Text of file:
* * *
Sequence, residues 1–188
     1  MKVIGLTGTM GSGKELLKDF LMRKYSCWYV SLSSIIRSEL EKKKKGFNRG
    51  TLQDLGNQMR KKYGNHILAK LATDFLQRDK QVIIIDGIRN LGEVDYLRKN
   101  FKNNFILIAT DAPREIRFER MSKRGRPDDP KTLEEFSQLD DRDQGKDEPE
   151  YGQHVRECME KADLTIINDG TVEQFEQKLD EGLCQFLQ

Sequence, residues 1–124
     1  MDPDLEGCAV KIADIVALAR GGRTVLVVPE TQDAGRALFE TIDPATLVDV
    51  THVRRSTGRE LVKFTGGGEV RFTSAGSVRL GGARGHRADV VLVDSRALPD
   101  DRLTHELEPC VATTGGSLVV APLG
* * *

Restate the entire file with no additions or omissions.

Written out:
Sequence, residues 1–188
     1  MKVIGLTGTM GSGKELLKDF LMRKYSCWYV SLSSIIRSEL EKKKKGFNRG
    51  TLQDLGNQMR KKYGNHILAK LATDFLQRDK QVIIIDGIRN LGEVDYLRKN
   101  FKNNFILIAT DAPREIRFER MSKRGRPDDP KTLEEFSQLD DRDQGKDEPE
   151  YGQHVRECME KADLTIINDG TVEQFEQKLD EGLCQFLQ

Sequence, residues 1–124
     1  MDPDLEGCAV KIADIVALAR GGRTVLVVPE TQDAGRALFE TIDPATLVDV
    51  THVRRSTGRE LVKFTGGGEV RFTSAGSVRL GGARGHRADV VLVDSRALPD
   101  DRLTHELEPC VATTGGSLVV APLG